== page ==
Today you can make your way home at your leisure or spend some more time in Montreal.

Your Trip

What to know

Flights should be booked into Toronto, Canada and out of Montreal, Canada.

Note: Weather or other conditions may require changes to our itinerary and shore excursions.

What's Included


Not Included

What to know


Vaccinations may be required for this trip. Please talk to your doctor about the up-to-date information for this region.  We're travel experts, not doctors and defer to the medicos when it comes to inoculations.

Visas and Permits

Please ensure that you have all required visas for your trip – this is your responsibility. Rules and regulations governing the issuance of visas are constantly changing, and vary for different nationalities and you should check visa requirements with your travel agent or relevant consular authority well before travel.

Visa not required for stays up to 90 days, need onward flight ticket and sufficient funds during stay. This applies to Australians, New Zealanders, Brits, Canadians and Americans.


You are required to have travel insurance before heading off on a Peregrine trip. Insurance can be organised by your Peregrine representative or your travel agent.

Responsible Travel

Our Responsible Travel ethos is at the heart of everything we do, from getting the basics right like respecting local cultures and the environment, to initiating projects that make positive contributions to communities, to our staff’s fundraising efforts and offsetting our carbon emissions.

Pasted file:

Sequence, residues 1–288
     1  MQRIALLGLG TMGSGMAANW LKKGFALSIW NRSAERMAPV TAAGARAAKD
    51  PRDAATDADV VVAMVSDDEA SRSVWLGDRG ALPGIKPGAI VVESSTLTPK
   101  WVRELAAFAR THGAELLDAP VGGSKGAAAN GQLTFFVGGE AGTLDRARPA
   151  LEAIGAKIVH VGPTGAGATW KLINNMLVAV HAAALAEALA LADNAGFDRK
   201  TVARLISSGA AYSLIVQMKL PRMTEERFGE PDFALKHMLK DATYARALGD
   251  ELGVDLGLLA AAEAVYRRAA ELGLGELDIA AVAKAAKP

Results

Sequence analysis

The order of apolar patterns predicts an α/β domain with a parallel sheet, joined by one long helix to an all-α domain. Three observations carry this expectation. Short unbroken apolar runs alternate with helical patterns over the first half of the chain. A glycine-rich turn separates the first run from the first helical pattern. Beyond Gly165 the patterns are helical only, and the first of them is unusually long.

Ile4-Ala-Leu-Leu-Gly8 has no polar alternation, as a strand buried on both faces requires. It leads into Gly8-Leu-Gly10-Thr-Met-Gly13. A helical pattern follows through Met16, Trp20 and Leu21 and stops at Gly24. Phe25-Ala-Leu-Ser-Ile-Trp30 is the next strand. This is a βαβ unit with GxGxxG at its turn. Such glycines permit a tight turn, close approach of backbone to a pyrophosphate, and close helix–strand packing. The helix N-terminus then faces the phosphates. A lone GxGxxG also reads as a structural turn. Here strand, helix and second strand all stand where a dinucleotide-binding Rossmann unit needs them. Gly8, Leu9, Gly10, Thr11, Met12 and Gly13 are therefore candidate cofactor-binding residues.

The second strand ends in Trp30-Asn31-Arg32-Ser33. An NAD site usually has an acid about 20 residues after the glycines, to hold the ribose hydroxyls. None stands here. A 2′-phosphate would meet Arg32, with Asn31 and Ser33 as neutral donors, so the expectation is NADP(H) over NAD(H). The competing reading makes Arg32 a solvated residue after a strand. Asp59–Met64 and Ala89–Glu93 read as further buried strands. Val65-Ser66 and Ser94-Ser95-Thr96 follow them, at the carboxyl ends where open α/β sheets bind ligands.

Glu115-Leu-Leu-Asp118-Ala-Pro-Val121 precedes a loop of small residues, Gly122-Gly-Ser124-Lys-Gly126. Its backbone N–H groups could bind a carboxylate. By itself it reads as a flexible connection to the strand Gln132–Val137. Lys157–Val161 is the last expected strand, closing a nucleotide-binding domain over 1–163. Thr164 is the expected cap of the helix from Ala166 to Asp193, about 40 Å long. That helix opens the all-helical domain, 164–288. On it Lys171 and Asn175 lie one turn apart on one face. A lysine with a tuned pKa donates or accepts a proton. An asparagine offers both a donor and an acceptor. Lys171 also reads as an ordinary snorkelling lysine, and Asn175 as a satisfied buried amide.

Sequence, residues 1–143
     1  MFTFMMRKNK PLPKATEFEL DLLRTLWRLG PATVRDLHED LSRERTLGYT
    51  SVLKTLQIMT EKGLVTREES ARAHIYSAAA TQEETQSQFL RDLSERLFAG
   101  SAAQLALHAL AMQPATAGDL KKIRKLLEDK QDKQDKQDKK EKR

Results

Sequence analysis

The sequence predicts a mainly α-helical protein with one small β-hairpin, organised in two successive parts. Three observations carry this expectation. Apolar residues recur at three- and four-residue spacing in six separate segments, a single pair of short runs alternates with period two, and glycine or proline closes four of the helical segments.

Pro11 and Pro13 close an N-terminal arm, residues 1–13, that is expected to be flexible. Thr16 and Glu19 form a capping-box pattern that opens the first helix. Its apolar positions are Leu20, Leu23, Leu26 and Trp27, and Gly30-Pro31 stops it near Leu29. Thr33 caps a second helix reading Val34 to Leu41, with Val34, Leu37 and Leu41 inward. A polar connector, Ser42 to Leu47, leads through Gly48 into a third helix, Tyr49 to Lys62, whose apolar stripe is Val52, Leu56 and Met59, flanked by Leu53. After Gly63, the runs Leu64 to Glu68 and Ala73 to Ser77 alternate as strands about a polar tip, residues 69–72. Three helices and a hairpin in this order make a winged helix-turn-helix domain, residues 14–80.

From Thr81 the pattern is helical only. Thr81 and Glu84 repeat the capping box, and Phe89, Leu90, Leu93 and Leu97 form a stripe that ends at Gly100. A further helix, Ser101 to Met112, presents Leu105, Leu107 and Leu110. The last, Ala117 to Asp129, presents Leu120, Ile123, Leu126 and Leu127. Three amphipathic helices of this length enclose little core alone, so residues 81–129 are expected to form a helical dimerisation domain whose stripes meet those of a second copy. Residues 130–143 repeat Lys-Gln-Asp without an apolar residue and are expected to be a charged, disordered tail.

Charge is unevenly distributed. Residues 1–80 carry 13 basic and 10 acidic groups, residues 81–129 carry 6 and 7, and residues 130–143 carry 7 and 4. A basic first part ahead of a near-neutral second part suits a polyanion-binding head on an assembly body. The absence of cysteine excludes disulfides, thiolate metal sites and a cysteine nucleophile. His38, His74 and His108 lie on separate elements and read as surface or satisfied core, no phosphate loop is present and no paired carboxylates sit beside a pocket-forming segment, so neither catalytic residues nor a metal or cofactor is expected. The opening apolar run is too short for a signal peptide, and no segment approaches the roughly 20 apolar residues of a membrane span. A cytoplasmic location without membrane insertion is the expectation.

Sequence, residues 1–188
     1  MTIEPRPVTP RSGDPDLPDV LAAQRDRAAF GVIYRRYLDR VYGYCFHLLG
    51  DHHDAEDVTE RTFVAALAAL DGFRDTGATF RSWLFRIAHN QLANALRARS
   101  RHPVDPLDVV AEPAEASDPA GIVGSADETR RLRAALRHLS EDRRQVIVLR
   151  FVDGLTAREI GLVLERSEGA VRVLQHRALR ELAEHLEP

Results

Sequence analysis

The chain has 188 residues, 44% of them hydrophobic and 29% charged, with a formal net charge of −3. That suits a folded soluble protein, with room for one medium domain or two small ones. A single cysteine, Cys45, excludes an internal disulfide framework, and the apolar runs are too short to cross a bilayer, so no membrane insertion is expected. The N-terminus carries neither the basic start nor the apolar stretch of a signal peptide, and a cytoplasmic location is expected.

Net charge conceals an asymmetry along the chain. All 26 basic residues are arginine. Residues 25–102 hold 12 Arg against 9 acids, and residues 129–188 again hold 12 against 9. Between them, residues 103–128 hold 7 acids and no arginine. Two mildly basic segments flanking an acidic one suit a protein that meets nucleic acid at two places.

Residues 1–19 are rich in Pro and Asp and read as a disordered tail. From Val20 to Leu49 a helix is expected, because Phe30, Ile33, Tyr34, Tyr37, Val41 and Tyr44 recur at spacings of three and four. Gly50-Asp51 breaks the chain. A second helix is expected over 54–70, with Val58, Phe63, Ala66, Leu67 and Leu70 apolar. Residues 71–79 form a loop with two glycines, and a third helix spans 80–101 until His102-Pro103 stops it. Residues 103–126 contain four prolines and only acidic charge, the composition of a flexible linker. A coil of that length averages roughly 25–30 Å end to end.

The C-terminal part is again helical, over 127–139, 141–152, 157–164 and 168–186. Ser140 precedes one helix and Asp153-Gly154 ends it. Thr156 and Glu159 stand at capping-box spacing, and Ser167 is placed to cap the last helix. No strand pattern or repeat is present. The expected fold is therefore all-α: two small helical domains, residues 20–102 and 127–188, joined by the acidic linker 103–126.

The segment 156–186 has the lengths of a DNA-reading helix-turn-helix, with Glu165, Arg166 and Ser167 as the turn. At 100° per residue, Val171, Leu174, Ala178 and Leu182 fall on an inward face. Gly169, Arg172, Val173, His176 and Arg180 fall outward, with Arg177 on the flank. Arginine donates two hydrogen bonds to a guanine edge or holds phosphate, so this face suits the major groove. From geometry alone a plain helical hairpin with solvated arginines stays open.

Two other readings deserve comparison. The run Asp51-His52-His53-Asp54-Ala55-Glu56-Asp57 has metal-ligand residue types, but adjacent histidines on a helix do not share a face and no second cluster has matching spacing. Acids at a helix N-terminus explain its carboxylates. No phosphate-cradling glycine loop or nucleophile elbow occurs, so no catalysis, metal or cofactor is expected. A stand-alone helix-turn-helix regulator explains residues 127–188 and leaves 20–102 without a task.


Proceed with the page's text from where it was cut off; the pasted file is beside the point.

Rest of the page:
Please visit our Responsible Travel ( page for more information.

Customs and Culture

Our Pre Departure Information or Travel Dossier (provided upon booking a trip) provides tips on how you can show respect for the local customs and culture in the country you are travelling in. Your leader will also help steer you though the complexities of local cultural norms.

Pre Departure Information
The information listed above is a brief description of some things you may need to consider when booking a trip. Once a tour is booked you will be provided with a link to your Travel Dossier which will contain detailed Pre Departure information.

Further Reading

Canada - Arctic

Greenland Lonely Planet Greenland and the Arctic The Greenlanders – Jane Smiley This Cold Heaven, Seven Seasons in Greenland – Gretel Ehrlich

Important Information

These Trip Notes should be read in conjunction with Peregrine’s Arctic pre-departure information that is provided to you shortly after booking.

Please note that due to the exploratory nature of this expedition, weather, ice, wildlife or other conditions may require changes be made to the itinerary and/or cancellation of certain shore excursions. Every effort will be made to adhere to the itinerary, within the limits of safety and time constraints. We shall fit in as many stops as is practical along the way allowing you to experience as much as possible of this wonderful area. The locations mentioned in this itinerary are just some of the highlights of our fascinating expedition of discovery and exploration and we shall attempt further landings wherever and whenever time and local conditions permit.

2. Budgeting: